Global oil prices soared to the highest levels this year today as the Ukraine crisis fuelled concerns about global energy supplies, analysts said.
Brent North Sea crude for delivery in April rocketed USD 2.77 to stand at USD 111.84 a barrel in London midday deals.
New York's main contract, West Texas Intermediate (WTI) for April, jumped USD 1.94 to USD 104.53 a barrel. Ukraine accused Russia today of pouring extra troops and military planes into Crimea, a predominantly Russian-speaking peninsula in the southeast of the former Soviet state.
Crimea has been under de facto occupation by pro-Kremlin troops since President Vladimir Putin won parliament's authorisation Saturday to use force in Ukraine.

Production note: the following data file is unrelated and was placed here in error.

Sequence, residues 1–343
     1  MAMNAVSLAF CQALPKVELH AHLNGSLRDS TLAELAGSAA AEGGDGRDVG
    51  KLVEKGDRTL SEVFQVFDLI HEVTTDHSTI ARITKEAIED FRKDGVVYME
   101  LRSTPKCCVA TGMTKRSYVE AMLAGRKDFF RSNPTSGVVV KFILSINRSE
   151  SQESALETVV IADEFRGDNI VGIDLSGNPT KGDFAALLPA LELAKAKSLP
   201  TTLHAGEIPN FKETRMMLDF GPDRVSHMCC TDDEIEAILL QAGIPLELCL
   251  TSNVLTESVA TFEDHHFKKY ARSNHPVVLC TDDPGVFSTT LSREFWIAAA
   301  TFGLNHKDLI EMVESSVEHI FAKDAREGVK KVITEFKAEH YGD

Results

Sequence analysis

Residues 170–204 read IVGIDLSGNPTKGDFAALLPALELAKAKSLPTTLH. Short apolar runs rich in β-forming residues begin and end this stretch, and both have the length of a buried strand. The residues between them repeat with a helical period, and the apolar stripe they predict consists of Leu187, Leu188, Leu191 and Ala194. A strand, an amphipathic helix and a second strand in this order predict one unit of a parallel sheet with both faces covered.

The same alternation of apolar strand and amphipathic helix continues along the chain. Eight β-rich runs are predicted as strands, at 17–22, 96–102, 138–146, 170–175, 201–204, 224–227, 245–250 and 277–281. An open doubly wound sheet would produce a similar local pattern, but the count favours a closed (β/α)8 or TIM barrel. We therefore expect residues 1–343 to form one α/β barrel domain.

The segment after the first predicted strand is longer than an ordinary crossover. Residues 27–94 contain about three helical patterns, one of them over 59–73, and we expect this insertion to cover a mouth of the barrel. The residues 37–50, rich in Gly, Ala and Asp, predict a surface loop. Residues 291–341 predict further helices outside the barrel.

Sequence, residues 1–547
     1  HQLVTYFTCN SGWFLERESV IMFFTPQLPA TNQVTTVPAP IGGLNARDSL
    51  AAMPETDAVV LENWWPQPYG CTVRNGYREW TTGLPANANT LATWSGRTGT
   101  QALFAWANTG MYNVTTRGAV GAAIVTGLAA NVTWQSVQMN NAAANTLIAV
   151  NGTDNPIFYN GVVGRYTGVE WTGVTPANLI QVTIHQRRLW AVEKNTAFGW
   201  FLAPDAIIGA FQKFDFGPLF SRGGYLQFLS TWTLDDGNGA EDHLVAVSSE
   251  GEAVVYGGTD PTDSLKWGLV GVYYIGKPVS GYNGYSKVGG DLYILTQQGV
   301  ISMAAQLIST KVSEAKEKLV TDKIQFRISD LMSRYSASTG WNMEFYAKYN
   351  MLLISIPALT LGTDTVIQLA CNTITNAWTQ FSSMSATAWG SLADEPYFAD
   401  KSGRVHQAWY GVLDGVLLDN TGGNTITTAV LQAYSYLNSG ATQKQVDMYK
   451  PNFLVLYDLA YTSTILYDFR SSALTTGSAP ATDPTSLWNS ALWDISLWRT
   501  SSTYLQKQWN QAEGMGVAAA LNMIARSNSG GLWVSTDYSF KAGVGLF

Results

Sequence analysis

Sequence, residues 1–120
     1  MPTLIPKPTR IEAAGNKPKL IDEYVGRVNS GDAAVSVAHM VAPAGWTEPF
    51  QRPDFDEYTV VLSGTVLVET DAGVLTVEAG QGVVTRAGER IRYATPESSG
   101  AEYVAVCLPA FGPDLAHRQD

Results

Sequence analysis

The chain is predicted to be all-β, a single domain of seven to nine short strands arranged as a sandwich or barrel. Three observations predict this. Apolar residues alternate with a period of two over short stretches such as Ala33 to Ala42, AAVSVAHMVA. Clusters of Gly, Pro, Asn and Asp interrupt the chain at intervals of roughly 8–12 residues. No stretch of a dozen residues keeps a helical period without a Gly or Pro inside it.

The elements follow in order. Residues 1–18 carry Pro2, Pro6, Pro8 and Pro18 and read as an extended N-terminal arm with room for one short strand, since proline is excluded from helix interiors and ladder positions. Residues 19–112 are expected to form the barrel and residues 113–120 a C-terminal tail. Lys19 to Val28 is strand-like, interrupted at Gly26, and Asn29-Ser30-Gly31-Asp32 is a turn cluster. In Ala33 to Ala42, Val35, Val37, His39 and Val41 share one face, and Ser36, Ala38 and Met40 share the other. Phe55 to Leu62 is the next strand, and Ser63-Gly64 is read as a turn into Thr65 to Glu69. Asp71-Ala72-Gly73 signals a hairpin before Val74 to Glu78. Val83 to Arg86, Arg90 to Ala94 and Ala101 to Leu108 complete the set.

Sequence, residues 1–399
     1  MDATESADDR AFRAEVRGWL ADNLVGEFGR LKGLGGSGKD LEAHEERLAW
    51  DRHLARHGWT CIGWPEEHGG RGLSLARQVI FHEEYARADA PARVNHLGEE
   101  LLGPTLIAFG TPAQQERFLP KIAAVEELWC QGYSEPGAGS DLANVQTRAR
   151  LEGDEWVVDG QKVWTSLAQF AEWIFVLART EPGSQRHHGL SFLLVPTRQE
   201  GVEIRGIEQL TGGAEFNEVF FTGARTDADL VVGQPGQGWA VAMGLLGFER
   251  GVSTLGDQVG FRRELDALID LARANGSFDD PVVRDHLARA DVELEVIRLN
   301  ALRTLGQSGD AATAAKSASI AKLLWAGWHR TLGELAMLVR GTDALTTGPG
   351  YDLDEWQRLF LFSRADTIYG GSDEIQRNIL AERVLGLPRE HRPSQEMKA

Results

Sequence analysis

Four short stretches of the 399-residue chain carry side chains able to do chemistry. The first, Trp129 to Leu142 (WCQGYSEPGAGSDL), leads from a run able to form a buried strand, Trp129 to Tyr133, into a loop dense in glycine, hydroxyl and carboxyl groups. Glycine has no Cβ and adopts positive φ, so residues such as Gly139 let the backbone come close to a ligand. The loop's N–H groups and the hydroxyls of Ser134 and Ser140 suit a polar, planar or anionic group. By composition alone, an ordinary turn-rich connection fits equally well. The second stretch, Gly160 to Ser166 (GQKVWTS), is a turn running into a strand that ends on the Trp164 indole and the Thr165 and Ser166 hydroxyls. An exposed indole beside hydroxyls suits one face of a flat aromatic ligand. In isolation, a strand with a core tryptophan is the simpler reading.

"The on-going uncertainty in Ukraine has caused further upside momentum to the oil market amid concerns about oil production issues," said Myrto Sokou, senior research analyst at Sucden brokers in London.
"Russia is the world's biggest oil producing country, so any political uncertainty could raise serious concerns about oil supplies issues worldwide."
Desmond Chua, an analyst at CMC Markets in Singapore, said that the escalating tension in Ukraine was providing strong support for oil prices.
"Considering that Ukraine is part of the supply chain for Brent, we are looking at this pent-up risk premium resulting in overshooting prices," Chua told AFP.
"Right now we would have our eyes on Ukraine, on the situation in Crimea... I do think that at least for the next couple of days this situation will be superseding any other market data," Chua added.
JP Morgan Commodities Research analysts noted that although Ukraine is neither a major oil producer nor oil consumer, it is an important transit country for Russian energy exports.
More than 70 per cent of Russia's gas and oil flows to Europe pass through its territory. In turn, Europe is the buyer for nearly 90 percent of Russia's oil exports.